We love what medicine can do for us, we just dont like paying for it.
Unfortunately some "citizens groups" exploit this ambiguity with self-published "studies" claiming drug companies exist only to gouge us – especially seniors. One such, Families USA, does this every few years and has struck again. But this years report was strengthened with the release of another one from the AARP, both timed to undercut the Bush Administrations just-introduced Medicare discount card. Both say increased costs will essentially wipe out the savings.
Importantly, both groups are lobbyists with political agendas. AARPs at least is transparent, to keep transferring more and more tax funds in the form of benefits from those under 50 to those over 50 (its membership base). Never mind that these are already the wealthiest Americans, AARP would desperately love you to believe theyre all eating cat food.
The FUSA agenda is socialized medicine, in which drugs are "free" because the recipient doesnt pay for them – taxpayers do. Indeed, the New York Times called the group the "de facto public relations manager of the Clinton Administrations campaign for comprehensive health care legislation." To FUSA seniors are merely pawns.
Still, what did the groups claim to find? As the summary in a fawning USA Today piece put it, "The Families USA study found the 30 most frequently prescribed name-brand drugs for seniors rose 6.5% in 2003. For 26 of those drugs available in 2001, prices rose 22% over three years."
Meanwhile, "AARPs study of 155 name-brand drugs found an average price increase of 27.6% over four years ending in December, compared with a 10.4% inflation [consumer price index] rate. The average annual increase in 2003 for the most widely used drugs was 6.9%, triple the inflation rate of 2.2%."
But lets look into the magicians hats for some of the tricks the journalists missed because they rarely read past the press releases.
First, note that both studies refer only to "name-brand" drugs. All the cheap generics were ignored. Yet generics on average cost less than a third the retail price of brand-name drugs and comprise just over half of all prescriptions.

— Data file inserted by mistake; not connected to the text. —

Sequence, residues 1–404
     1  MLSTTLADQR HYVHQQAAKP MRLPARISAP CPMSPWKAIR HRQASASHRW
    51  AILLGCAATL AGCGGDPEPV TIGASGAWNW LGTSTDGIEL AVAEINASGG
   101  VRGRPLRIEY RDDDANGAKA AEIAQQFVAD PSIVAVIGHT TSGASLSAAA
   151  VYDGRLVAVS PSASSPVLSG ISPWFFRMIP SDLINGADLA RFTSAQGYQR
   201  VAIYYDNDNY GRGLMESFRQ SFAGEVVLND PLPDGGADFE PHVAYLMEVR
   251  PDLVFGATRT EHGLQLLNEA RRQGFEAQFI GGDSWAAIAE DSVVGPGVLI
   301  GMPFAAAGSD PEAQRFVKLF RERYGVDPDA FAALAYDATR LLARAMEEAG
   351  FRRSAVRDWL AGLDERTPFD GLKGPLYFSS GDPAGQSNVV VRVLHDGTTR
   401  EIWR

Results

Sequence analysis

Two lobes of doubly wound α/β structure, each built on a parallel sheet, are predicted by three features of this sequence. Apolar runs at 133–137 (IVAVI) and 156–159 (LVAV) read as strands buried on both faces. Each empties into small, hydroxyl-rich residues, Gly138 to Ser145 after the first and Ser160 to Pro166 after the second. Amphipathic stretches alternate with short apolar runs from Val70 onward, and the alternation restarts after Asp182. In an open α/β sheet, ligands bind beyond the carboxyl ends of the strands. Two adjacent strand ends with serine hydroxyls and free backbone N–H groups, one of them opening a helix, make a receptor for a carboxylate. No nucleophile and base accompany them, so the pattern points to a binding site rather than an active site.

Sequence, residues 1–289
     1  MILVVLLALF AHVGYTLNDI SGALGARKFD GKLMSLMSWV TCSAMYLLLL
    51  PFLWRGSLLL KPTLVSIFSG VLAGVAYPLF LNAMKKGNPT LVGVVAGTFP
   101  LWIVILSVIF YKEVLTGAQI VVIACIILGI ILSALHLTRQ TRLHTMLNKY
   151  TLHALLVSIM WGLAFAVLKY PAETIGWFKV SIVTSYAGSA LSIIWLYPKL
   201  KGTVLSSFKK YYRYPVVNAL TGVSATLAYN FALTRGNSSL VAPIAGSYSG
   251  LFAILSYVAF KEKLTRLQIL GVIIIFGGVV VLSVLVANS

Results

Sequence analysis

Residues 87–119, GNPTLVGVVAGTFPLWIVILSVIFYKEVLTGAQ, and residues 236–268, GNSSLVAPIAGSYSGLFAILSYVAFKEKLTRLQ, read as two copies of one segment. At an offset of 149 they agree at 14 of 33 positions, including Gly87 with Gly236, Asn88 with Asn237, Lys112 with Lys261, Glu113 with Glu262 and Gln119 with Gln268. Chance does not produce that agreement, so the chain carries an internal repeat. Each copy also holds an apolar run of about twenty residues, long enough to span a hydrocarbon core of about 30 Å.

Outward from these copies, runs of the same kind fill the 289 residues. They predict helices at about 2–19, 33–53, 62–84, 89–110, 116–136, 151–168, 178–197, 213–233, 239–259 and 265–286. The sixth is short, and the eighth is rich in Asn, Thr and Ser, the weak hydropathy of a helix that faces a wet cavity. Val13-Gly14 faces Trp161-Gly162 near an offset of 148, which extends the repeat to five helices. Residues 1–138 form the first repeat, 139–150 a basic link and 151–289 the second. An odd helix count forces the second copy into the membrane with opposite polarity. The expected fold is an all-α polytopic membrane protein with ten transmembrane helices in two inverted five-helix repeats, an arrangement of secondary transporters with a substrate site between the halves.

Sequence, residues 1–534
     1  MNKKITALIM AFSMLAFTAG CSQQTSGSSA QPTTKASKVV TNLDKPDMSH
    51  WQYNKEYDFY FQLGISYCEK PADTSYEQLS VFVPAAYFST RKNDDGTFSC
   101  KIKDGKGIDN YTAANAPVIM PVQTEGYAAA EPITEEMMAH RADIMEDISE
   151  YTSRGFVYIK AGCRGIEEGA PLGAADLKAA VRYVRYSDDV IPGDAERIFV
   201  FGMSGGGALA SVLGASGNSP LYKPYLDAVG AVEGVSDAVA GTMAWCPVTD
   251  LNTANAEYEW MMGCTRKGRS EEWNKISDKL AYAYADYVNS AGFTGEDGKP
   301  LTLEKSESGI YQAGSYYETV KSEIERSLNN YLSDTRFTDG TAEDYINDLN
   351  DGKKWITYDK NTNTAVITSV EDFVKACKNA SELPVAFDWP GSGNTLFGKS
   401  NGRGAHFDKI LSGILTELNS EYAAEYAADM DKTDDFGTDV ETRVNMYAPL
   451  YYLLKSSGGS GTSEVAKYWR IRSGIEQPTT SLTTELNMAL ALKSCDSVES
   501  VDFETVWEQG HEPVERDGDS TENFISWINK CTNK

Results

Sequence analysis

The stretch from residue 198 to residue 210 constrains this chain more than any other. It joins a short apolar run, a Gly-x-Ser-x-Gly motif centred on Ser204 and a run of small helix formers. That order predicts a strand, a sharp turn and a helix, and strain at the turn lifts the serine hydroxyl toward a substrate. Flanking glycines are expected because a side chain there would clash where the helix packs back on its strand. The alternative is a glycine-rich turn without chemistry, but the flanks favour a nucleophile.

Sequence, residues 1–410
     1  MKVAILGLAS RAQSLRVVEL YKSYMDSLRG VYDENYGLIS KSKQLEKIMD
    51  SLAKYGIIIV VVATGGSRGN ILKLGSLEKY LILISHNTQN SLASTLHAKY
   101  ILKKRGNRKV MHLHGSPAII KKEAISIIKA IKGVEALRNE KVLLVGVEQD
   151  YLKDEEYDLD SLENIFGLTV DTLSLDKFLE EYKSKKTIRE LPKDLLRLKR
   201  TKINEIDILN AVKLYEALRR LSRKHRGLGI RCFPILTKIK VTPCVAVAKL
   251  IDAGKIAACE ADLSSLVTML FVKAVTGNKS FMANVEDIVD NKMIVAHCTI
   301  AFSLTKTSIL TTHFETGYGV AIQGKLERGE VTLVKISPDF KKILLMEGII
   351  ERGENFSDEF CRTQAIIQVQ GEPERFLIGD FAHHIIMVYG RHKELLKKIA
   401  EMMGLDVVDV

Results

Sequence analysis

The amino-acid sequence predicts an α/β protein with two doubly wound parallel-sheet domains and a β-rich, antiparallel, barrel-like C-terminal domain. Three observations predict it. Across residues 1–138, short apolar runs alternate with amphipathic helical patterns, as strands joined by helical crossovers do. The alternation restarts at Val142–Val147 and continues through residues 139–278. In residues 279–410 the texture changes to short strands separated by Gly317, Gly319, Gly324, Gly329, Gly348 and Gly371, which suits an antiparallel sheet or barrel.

Families USA was a strong supporter of the potentially disastrous "HillaryCare" socialized medicine legislation.
Second, the studies dont take into account dose sizes. Thus Pfizers Lipitor, the most-prescribed anti-cholesterol drug in the world, "rose 5.5 times inflation" according to the FUSA release. The AARP made a similar squawk.
But they "forgot" to mention Lipitor price increases were only for the tiniest doses, 10 and 20 milligrams. For four years the price of the higher doses, 40 mg and 80 mg, remained the same. Thus for those most in need of the medicine, the price dropped relative to their other expenses.
Third, both groups ignore that the top drugs arent the same as three or four years ago. Many didnt exist until recently and are superior to their predecessors.
Consider one of the "culprit" drugs, Celebrex, used for pain and inflammation. Is it costlier than older anti-inflammatory pain relievers like aspirin and ibuprofen? Vastly.
So why do people like me take it? Because it was developed to be gentler on our stomachs. Indeed, according to a 1999 New England Journal of Medicine study, the old-line anti-inflammatories cause over 100,000 hospitalizations each year in this country, with over 16,000 deaths from bleeding ulcers."
The researchers also estimated the cost of those 100,000 hospitalizations at $15,000 to $20,000 apiece. So ultimately, whats cheaper: The older tablets or "price-gouging" Celebrex?
There are lots of good studies on pharmaceutical price increases, but all of them are in published peer-reviewed journals. FUSA and AARP just provided political propaganda, as fake as any placebo.